THS House System

The House System is a major pastoral and extra-curricular side of school which develops students’ social, emotional, team-working and organisation (amongst other) skills. Students in KS3 have been allocated a house Stoodley, Vale, Gaddings, Bridestones or Calder. These names have been chosen to reflect, and celebrate, our beautiful surroundings in the Calder Valley. All staff have also been allocated a house, in order to support and encourage our students and build a team environment. Students receive a badge to proudly wear on their blazer and show which house they belong to.

The House system aims to reflect the ethos and core values of the school; Ambition, respect, care and honesty.  we will try to develop this by fostering a sense of community, awareness of each other and a sense of being part of a team and belonging. A sense of belonging is a fundamental element of having good mental health and wellbeing.  All of which is huge on the governmental agenda.

We show respect through fair play and sporting behaviour; we are graceful in defeat and magnanimous in victory. We support others and take pride in their efforts.  We demonstrate CARE BY THE WAY WE INTERACT WITH AND TREAT OTHERS WITH DIGNITY, RESPECT AND EMPATHY. When we are honest, we build strength of character that will allow us to be of great service and allow us to have self-respect.

The aim – is to hold various House events throughout the year from all areas of school life. This blend ensures that everyone has the opportunity to represent their House in something that they enjoy or are good at. For example House events could include; various sporting activities, Masterchef, drama/arts, extra-curricular clubs, homework and enterprise events (STEM) (raising money for several charities). The rewards system is based on the core values of the school as well as academic achievement.

  • All students have the opportunity to earn House points as they are all invited and encouraged to take part in all events, and everything from their classwork effort to their musical prowess and sporting ability can contribute to the scores. Separate from the House system, students are rewarded for their classwork through the award of commendations and P4T’s. Referring to the above point, we will introduce charitable events supporting various communities, linking with a school abroad, fostering an awareness of local, regional, national and world wide communities (Pen pals – this could be linked with the English dept.).
  • With the introduction of “I am Day”, students will be able to earn points by achieving goals set during that day – linked to SPACE day. The year 7 challenge day will bring their first opportunity to gain some house points.

House pages


Gaddings Dam is an 1833 earth embankment dam located on top of the moors between Todmorden and Walsden. Constructed to supply water to the mills of Lumbutts, the reservoir fell into disuse when the mills began to use steam power.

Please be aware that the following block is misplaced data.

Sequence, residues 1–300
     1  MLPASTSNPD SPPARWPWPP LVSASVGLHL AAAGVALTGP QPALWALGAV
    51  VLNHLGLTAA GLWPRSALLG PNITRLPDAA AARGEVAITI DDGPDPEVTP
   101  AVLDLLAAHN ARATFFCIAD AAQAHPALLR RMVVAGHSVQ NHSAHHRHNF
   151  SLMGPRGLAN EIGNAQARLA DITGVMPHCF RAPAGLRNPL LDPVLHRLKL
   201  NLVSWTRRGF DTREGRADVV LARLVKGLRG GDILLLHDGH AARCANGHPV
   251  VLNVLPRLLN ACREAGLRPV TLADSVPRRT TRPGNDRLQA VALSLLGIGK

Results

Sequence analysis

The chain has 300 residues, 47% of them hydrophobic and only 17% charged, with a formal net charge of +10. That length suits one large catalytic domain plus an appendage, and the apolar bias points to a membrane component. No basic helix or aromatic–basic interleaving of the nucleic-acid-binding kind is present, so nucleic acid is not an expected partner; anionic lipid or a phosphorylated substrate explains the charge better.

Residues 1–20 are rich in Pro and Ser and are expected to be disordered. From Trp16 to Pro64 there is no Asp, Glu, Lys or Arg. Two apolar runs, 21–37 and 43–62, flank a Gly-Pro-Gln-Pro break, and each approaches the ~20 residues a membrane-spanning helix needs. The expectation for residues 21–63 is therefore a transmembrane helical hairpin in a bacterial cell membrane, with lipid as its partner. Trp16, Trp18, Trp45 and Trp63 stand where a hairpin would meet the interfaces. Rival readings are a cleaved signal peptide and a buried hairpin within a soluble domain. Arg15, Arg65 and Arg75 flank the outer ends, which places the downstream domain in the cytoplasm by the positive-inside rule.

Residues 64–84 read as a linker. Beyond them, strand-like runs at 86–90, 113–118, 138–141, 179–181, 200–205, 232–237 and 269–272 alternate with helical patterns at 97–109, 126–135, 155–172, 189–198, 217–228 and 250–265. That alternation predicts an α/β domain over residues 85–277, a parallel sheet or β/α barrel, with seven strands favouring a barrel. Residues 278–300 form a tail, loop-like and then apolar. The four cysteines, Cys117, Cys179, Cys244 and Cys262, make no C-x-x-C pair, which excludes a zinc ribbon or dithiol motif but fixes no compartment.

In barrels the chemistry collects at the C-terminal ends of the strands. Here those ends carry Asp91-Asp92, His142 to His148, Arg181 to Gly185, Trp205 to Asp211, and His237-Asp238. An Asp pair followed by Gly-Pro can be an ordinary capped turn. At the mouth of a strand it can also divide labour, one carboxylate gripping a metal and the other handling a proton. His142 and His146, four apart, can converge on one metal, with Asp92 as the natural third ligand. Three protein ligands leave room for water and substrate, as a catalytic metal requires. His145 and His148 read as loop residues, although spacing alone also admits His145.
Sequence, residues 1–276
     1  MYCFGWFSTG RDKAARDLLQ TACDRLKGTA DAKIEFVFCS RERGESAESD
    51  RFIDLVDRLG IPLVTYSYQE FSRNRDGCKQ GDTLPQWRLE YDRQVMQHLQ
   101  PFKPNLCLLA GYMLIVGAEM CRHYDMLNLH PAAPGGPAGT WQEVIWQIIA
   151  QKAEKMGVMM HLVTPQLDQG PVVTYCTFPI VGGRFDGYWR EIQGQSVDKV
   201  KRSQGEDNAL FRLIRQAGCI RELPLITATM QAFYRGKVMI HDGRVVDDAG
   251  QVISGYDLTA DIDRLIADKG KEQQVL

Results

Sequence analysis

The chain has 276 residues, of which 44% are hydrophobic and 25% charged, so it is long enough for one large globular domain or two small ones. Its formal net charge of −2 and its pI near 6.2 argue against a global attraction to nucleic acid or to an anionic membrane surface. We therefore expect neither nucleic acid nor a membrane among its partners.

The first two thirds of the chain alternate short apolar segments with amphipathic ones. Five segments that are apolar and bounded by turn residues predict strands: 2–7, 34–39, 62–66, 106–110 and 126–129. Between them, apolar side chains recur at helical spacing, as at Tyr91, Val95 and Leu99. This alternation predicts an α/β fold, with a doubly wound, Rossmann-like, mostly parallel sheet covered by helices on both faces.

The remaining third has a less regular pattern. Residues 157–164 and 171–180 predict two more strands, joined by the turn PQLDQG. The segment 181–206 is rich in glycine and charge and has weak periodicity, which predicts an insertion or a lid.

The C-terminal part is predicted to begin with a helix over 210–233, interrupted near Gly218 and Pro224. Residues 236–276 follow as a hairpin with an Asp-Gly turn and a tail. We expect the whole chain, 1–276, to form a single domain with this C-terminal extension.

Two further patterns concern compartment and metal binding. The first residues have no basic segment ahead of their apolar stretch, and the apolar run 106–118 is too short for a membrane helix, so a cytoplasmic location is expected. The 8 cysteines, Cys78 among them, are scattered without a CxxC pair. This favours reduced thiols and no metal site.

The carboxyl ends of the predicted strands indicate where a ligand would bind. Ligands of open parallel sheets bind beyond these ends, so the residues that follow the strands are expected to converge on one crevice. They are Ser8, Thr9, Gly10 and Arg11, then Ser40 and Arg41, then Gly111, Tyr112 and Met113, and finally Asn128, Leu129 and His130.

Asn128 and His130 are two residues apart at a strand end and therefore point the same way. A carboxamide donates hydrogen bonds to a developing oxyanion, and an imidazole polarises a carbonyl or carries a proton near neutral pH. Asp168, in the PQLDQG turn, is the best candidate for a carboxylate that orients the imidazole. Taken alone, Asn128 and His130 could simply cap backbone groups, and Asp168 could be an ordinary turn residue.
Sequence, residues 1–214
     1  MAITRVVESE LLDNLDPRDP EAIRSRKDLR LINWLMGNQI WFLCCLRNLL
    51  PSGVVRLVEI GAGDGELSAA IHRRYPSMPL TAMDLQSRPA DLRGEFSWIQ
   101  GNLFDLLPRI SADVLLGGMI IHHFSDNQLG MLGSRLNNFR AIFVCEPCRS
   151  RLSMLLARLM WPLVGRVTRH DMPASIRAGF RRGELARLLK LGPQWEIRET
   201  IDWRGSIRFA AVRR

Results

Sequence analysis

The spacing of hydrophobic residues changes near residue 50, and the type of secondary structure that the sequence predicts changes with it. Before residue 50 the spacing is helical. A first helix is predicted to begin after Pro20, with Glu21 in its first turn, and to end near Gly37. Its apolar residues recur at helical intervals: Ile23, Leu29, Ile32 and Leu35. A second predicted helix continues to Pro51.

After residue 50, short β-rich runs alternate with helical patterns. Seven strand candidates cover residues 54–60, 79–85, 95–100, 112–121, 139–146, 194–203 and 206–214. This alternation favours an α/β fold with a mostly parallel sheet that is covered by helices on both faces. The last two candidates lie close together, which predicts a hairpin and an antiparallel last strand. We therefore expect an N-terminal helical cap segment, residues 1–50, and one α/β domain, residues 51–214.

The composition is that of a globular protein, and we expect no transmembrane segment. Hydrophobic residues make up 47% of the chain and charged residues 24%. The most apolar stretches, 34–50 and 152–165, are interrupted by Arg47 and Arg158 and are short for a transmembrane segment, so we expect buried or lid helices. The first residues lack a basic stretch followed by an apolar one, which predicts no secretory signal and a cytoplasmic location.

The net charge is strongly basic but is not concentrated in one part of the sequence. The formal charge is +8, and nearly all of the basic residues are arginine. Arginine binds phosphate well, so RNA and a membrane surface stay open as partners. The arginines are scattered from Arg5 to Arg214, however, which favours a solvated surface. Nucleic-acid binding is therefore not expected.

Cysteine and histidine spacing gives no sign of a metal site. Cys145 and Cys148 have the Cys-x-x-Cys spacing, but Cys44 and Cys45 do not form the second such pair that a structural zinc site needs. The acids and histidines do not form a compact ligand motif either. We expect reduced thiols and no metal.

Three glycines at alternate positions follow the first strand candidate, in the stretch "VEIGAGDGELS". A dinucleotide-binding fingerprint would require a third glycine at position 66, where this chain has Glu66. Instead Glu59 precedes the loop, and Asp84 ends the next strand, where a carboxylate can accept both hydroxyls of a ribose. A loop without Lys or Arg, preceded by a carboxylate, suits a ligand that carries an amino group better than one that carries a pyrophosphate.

Slated to be drained in 2001 due to its poor condition, the reservoir was rescued by a determined group of locals who bought the dam, repaired it, and now continue to maintain it to the standards required by the regulations.

There is no road access to Gaddings Dam, it can only be reached by a steep hike on a rough footpath to the top of the moors. The nearest vehicle access point is the Shepherd’s Rest pub on Lumbutts road. Parking is very limited, there is room for only about a dozen cars.


Stoodley Pike is a 1,300-foot hill in the south Pennines, noted for the 121 feet Stoodley Pike Monument at its summit, which dominates the moors of the upper Calder Valley and the market town of Todmorden. The Monument is located near the villages of Mankinholes and Lumbutts, West Yorkshire, England


Centre Vale Park is located less than half-a-mile from Todmorden Town Centre. Famous for hosting popular regional outdoor events, like:

  • the National Crown Green Bowling Club Championships; and
  • the Todmorden Agricultural Show;

Centre Vale Park offers a unique outdoor environment, close to an urban centre.


Close to the Long Causeway and just east of Todmorden, West Yorkshire, are the Bridestones, outcrops of millstone grit rocks and boulders which are ½ a mile long. Amongst these rocky outcrops are a number of odd-shaped formations that have been caused by weather-related erosion over thousands, if not millions of years. One huge boulder in particular, known as ‘The Great Bridestone’ is fantastically shaped at its base, looking like an up-turned bottle, as if it might topple over at any moment.

There are a number of myths and legends associated with The Bridestones, many of these going back to the mists of time. More recently, perhaps, there are a number of local traditions that have become connected to the place and its many, strange-shaped rocks and boulders.


The River Calder is in West Yorkshire, in Northern England. The Calder rises on the eastern slopes of the Pennines and flows through green countryside, former woollen-mill villages, and large and small towns before joining the River Aire near Castleford. The river’s valley is generally known as the Calder Valley.